I guess the first thing I do is give a good, thorough reading of the lyrics. Early on, Carcass was known for their (Jeff Walker’s) fifty-cent forensic vocabulary, which absolutely worked with what they were doing, but as the albums unfolded, so did Walker’s scope. The fact is, if you look back — even all the way back to Reek of Putrifaction, you will find that Jeff Walker has a refreshing (in the world of grind core) grasp of language and how to use it for effect in a literary sense (though it becomes more apparent with Symphonies of Sickness and more refined as one moves up their discography).

What I like about the “Heartwork” lyrics is that they are both concrete, but ultimately indefinable. That’s not to say it’s vague – there are adjectives galore, which gives a very strong sensory experience of the words, but the fact is that the most concrete we’re going to get is “work of art,” and most nouns support that theme. But, it’s not specific in fact. Just extremely specific in feeling. I also appreciate the word play and the variance of phrasing, though not entirely, keeping some of it intact, within the repetition. It’s a great way to retain a recognizable song structure (with the reiteration of verses and choruses) while also shaking it up.

So, all in all, it’s not so specific that the story writes itself, or that your story is going to end up being just a heavily fleshed version of the song. Not a lot of room for creativity when that’s the case, though, I wouldn’t knock it. Sometimes the story of a song is interesting enough to fill it out and see what’s lying deeper within. Here, though, there’s a lot of room to move around. Explore the space.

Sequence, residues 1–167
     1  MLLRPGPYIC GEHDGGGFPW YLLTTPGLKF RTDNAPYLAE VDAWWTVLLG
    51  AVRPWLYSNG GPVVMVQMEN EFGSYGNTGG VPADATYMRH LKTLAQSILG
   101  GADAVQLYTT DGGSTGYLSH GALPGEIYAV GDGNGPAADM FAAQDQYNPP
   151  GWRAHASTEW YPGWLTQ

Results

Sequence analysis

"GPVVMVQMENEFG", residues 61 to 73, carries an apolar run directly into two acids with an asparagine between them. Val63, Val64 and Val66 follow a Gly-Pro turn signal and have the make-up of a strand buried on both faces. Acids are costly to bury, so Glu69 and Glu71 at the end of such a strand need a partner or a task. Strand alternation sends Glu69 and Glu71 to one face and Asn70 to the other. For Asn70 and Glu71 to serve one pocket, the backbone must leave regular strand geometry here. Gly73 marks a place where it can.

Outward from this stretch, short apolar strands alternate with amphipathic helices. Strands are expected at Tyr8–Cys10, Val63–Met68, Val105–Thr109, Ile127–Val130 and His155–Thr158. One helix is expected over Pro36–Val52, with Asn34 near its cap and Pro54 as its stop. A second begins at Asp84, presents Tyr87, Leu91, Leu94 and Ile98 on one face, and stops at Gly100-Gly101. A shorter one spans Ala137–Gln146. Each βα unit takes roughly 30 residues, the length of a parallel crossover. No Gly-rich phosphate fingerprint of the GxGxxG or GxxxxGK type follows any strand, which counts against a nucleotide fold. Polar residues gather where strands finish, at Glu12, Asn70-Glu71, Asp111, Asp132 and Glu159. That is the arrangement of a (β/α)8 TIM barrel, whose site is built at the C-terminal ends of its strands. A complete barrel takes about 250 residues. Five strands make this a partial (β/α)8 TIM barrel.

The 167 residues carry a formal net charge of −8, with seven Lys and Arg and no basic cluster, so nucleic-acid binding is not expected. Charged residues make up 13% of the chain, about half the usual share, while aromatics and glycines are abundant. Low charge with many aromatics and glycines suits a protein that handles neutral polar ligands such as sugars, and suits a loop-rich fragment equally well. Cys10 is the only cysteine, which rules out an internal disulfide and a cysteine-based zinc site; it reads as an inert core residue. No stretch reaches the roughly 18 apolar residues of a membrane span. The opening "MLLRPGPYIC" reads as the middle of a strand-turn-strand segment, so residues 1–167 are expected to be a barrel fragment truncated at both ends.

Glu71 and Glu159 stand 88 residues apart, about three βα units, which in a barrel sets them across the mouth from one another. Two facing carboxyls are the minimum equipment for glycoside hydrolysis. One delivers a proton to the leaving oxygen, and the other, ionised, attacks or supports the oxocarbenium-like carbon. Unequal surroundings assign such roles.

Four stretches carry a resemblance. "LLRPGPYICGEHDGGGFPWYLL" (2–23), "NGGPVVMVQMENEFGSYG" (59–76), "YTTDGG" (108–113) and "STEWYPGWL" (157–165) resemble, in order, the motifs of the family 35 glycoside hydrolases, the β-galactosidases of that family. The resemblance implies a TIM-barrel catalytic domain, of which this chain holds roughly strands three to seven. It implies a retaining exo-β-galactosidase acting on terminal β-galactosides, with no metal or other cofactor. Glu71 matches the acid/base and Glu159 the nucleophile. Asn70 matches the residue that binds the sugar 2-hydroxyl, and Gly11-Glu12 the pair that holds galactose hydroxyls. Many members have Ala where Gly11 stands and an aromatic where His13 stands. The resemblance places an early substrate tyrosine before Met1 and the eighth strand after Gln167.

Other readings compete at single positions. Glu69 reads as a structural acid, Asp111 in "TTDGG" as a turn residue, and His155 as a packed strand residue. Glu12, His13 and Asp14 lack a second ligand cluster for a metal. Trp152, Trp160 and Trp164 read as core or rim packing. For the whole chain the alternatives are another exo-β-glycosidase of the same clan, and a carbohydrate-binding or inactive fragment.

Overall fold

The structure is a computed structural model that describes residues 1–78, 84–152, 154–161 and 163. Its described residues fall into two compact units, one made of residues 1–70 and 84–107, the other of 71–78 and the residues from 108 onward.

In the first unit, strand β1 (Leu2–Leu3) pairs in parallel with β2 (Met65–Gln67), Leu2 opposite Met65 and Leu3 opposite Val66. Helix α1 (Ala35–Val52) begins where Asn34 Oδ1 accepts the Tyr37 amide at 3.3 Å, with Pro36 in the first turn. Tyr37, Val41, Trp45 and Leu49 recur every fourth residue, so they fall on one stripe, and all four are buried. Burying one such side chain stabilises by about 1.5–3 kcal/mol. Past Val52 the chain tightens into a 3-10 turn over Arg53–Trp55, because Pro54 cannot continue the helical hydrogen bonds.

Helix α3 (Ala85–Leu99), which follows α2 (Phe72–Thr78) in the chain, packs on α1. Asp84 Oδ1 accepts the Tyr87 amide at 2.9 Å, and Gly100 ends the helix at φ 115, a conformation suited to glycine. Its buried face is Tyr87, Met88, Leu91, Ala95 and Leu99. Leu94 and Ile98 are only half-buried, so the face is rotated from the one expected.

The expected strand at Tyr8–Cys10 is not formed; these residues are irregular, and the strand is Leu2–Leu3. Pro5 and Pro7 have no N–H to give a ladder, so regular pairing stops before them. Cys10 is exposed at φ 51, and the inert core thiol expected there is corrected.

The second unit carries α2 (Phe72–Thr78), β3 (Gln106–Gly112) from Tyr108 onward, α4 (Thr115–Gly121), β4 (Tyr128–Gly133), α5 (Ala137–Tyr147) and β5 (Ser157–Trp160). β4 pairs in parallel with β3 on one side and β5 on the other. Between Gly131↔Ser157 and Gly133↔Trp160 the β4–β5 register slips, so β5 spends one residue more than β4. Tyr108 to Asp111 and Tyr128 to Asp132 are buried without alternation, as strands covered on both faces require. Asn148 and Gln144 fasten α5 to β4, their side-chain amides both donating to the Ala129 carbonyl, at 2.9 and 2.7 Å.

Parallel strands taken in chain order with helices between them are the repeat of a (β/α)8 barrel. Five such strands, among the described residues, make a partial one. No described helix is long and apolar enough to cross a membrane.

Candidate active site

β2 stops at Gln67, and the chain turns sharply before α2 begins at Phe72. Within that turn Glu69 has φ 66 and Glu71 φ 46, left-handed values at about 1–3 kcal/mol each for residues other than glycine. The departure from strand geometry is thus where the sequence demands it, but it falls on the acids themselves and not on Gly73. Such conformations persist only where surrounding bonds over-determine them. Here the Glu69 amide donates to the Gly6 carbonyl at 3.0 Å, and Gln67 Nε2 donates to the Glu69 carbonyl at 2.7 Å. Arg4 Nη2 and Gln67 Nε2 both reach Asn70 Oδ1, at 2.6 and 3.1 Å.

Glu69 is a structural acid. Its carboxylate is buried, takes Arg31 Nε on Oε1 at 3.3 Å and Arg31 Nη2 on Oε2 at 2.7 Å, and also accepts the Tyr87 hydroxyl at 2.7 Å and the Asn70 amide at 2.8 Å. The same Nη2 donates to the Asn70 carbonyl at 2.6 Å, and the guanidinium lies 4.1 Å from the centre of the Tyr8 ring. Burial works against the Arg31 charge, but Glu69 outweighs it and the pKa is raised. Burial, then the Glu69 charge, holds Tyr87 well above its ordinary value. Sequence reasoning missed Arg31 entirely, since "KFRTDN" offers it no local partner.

In this post, you’ve got a link to the story to read in its entirety (which, I suggest before reading the rest of this post), a link to the video so you can have a listen, and a link to the lyrics (shit spelling notwithstanding). So, all I’m going to do now is just show you how I used the lyrics, just in terms of the words themselves.

Works of art, painted black

Magniloquent, bleeding dark

Monotonous palette, murky spectrum, grimly unlimited

Food for thought, so prolific

In contrasting shades, forcely fed

Abstraction, so choking, so provocative

  • monotonous, contrasting shades

“All the color rushed from Geoffrey’s world, and in its place, a monotonous shade enveloped his hearing, his taste and smell, his sight, and even numbed his nerves so that the crumbled brick around him felt only a buzz beneath his hands.”

  • palette, murky spectrum, grimly unlimited

“He watched them, then let his gaze trail up the bland buildings opposite his and to the grey sky—all seemed so drab, a tedious, lifeless palette, murky and grim.”

  • forcely fed

“He breathed deeply, feeding the air forcibly into his lungs, which seemed to contract further with every explosion, far and near.”

  • so choking

“He recalled the arch of broken cement overhead, what remained of the railroad bridge, pieces of stonework crumbling into his mouth. So close, too close. Choking.”